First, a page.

Hay, tamarind and a walk in the woods: how to identify truly great chocolate

I feel hopelessly out of my depth judging the chocolate industry's academy awards.

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Columbus may not have “discovered” the Americas, but capturing a Mayan trading canoe full of cocoa beans in 1502 nearly made him the first European to try chocolate – if only he hadn’t mistaken its cargo for almonds. Even later colonists, who recognised the value of cocoa to indigenous cultures, took a while to warm to its flavour: one Italian called hot chocolate “more a drink for pigs, than a drink for humanity”, confessing he only tried it after more than a year in Mexico because he’d run out of wine.

Now, of course, we can’t get enough. But I’m still not sure I could pick a cocoa bean – or a great chocolate – out of a line-up, which is how I find myself hopelessly out of my depth one sunny March afternoon, staring intently at a single square of the stuff. Judging sessions for the Academy of Chocolate Awards, which last year attracted 1,200 entries from 45 countries, go on for months – and apparently calling everything “quite nice” is not particularly helpful.

I squint desperately at the chocolate tasting map in front of me as I struggle to articulate my feelings about this entry in class B2B, “dark bean to bar”. The map’s creator, Hazel Lee, sitting to my right, is having no such problems: “I’m getting a slow walk in the forest.” “It’s complex,” former chocolatier Sara Jayne Stanes says across the table. “At a certain point it was singing to me.”

“Errr… I got brown sugar?” I venture. They nod kindly. Though Lee’s map confines itself to a mere 111 descriptors, from hay to tamarind, Stanes says that there are about 300 flavour and aroma compounds in cocoa – “that we know of, anyway”. The taste of a chocolate indicates the terroir of the bean, and the people who processed it: as Sue Quinn explains in her gloriously rich new book Cocoa, “Every batch of cacao has its own personality, and fine makers strive to draw out the finest features of its character.” Just as a wine buff will have no problem telling a New Zealand Sauvignon Blanc from a French one, Hazel is fairly confident this sample is Ecuadorian: “They’re always quite dark, and there are usually floral flavours in there.”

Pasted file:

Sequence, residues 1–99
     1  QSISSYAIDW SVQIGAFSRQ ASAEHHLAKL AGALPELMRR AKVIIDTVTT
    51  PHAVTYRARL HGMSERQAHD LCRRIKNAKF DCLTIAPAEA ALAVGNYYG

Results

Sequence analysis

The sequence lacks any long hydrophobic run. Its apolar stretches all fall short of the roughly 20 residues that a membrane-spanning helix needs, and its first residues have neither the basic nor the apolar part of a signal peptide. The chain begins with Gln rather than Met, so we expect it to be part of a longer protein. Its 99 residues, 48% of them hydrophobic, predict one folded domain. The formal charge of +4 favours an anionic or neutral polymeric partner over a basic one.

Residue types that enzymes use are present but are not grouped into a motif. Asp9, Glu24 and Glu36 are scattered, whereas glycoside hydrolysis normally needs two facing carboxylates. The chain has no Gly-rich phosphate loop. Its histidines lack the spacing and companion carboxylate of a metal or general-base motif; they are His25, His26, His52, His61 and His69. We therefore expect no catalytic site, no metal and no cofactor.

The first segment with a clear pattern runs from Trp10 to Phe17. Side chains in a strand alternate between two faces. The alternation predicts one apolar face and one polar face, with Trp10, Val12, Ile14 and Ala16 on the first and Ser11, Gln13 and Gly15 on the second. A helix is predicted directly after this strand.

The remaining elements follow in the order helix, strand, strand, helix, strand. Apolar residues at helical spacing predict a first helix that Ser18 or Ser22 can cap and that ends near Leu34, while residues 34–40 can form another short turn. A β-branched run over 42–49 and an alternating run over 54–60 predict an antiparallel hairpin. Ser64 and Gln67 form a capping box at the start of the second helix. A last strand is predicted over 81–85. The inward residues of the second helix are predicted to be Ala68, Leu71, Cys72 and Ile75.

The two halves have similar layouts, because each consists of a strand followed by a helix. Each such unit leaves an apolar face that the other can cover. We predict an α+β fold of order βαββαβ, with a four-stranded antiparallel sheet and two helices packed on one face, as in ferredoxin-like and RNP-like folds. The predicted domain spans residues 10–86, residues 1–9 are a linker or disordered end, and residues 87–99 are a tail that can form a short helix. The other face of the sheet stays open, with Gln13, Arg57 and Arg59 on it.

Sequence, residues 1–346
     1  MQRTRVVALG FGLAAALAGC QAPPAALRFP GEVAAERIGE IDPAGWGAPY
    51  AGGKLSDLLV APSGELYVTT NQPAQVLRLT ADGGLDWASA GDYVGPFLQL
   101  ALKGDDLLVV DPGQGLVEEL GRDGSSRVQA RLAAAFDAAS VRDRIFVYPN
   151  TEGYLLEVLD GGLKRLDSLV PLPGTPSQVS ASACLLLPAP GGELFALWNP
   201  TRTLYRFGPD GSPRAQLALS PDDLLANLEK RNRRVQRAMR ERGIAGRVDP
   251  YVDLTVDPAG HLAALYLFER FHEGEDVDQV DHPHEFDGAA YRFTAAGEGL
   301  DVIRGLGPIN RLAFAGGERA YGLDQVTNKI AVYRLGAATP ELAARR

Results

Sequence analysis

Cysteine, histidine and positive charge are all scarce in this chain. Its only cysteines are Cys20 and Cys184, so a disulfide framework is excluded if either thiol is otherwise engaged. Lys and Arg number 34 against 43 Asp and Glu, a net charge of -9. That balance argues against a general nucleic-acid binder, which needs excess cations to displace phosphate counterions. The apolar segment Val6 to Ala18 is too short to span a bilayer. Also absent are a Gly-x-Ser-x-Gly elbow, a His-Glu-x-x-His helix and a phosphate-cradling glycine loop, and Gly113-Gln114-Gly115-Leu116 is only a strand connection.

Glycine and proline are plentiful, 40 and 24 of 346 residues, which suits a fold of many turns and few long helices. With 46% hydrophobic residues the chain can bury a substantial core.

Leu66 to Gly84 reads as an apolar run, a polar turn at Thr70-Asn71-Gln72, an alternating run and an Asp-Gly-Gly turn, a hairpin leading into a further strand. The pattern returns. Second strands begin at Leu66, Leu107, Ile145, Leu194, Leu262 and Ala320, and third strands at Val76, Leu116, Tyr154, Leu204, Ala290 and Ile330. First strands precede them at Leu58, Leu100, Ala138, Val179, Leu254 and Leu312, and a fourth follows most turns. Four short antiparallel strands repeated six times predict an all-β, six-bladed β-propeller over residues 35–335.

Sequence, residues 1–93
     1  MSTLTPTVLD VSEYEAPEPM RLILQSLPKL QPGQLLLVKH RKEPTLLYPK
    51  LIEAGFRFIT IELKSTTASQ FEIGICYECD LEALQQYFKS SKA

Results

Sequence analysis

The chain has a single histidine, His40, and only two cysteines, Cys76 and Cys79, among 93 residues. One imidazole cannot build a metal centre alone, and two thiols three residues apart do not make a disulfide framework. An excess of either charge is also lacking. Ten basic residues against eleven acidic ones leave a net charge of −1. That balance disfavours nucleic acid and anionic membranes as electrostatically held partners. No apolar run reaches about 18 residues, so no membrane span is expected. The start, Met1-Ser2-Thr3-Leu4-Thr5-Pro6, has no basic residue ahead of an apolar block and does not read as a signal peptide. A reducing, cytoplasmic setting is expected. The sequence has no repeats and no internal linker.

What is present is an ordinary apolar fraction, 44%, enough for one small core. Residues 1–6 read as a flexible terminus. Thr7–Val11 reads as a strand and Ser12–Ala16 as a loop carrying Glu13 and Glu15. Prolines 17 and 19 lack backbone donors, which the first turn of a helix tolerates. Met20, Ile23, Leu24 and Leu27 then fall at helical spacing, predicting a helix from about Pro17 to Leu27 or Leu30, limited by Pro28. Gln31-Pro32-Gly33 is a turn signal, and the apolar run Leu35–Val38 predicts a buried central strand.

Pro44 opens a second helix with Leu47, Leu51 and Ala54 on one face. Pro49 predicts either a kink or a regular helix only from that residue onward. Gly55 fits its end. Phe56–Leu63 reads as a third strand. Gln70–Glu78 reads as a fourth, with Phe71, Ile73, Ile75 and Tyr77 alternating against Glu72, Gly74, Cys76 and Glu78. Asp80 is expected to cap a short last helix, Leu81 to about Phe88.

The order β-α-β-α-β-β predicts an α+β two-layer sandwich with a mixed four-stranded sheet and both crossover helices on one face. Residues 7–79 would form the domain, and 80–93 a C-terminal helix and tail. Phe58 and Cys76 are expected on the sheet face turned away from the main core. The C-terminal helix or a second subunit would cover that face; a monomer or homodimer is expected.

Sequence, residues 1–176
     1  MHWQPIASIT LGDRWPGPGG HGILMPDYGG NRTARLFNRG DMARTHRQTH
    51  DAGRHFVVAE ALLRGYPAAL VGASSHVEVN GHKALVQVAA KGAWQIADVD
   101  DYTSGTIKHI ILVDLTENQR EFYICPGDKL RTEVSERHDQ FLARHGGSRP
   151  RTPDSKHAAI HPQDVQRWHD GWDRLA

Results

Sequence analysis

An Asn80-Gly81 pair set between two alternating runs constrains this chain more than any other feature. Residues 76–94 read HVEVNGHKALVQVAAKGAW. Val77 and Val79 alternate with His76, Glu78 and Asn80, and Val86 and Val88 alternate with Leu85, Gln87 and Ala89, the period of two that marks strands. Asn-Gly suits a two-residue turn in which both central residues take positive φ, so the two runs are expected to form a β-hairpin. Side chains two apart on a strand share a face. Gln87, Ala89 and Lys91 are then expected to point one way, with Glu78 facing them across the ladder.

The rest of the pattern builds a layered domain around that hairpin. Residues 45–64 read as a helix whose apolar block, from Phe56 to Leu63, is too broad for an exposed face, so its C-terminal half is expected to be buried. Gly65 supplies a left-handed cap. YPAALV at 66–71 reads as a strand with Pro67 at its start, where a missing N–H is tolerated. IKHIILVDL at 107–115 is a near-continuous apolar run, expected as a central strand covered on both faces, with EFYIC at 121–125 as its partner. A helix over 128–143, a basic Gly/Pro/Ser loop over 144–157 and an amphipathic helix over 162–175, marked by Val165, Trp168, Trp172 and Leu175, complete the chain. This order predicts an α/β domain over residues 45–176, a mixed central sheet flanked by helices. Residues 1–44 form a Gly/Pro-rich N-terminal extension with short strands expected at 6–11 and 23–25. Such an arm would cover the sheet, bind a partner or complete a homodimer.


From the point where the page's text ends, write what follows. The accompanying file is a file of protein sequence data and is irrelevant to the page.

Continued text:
Appearance is important: very dark brown suggests the beans may have been over-roasted, while cloudy white blotches are a giveaway that the chocolate has got too damp or hot, which will affect the texture. A good sniff is also vital – we pick up less than a quarter of flavours through our taste buds – and even your ears can come in useful: good dark chocolate in particular should break with a satisfying snap.

Chocolate expert Will Torrent advises tasters to close their eyes and hold their nose when taking that first bite: cutting out the other senses helps you taste more keenly while it melts on to your tongue. Think about the texture as it does so; it should be smooth and buttery – waxiness, by contrast, is a telltale sign some of the cocoa butter has been replaced by cheaper vegetable fat, a practice first developed during the Second World War to stop chocolate rations melting in the heat. Then, and only then, consider the flavour: the profile, the balance, whether it changes over time, and how long it lasts once you’ve swallowed it – some can linger on the taste buds for 45 minutes.

That said, as Torrent, who I catch pondering the merits of toffee truffles, tells me, really the most important question you should ask yourself when assessing any chocolate is – “do I want to eat any more?” And even amateurs like me find that one pretty easy to answer. 

Felicity Cloake is the New Statesman’s food columnist. Her latest book is The A-Z of Eating: a Flavour Map for Adventurous Cooks.

This article appears in the 18 April 2019 issue of the New Statesman, Spring special